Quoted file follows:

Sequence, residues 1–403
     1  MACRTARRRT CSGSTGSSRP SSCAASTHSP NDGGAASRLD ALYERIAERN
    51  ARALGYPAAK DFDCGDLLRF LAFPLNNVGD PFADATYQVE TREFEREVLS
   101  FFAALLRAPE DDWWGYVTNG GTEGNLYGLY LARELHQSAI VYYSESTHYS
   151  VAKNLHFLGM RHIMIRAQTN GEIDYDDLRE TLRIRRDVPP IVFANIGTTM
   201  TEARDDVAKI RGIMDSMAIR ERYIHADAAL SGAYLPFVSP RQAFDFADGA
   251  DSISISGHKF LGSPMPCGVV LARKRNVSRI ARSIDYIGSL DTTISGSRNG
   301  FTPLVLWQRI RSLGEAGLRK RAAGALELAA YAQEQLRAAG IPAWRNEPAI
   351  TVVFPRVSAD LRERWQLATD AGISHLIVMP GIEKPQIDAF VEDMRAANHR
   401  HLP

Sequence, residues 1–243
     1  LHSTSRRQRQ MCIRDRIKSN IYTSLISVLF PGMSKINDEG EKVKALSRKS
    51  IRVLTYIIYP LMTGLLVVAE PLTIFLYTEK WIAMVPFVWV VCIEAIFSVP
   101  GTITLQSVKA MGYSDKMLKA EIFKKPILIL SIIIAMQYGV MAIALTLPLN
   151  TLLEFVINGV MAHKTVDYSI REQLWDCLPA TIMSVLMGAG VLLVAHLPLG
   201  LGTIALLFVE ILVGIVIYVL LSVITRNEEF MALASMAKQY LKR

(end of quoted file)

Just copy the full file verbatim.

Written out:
Sequence, residues 1–403
     1  MACRTARRRT CSGSTGSSRP SSCAASTHSP NDGGAASRLD ALYERIAERN
    51  ARALGYPAAK DFDCGDLLRF LAFPLNNVGD PFADATYQVE TREFEREVLS
   101  FFAALLRAPE DDWWGYVTNG GTEGNLYGLY LARELHQSAI VYYSESTHYS
   151  VAKNLHFLGM RHIMIRAQTN GEIDYDDLRE TLRIRRDVPP IVFANIGTTM
   201  TEARDDVAKI RGIMDSMAIR ERYIHADAAL SGAYLPFVSP RQAFDFADGA
   251  DSISISGHKF LGSPMPCGVV LARKRNVSRI ARSIDYIGSL DTTISGSRNG
   301  FTPLVLWQRI RSLGEAGLRK RAAGALELAA YAQEQLRAAG IPAWRNEPAI
   351  TVVFPRVSAD LRERWQLATD AGISHLIVMP GIEKPQIDAF VEDMRAANHR
   401  HLP

Sequence, residues 1–243
     1  LHSTSRRQRQ MCIRDRIKSN IYTSLISVLF PGMSKINDEG EKVKALSRKS
    51  IRVLTYIIYP LMTGLLVVAE PLTIFLYTEK WIAMVPFVWV VCIEAIFSVP
   101  GTITLQSVKA MGYSDKMLKA EIFKKPILIL SIIIAMQYGV MAIALTLPLN
   151  TLLEFVINGV MAHKTVDYSI REQLWDCLPA TIMSVLMGAG VLLVAHLPLG
   201  LGTIALLFVE ILVGIVIYVL LSVITRNEEF MALASMAKQY LKR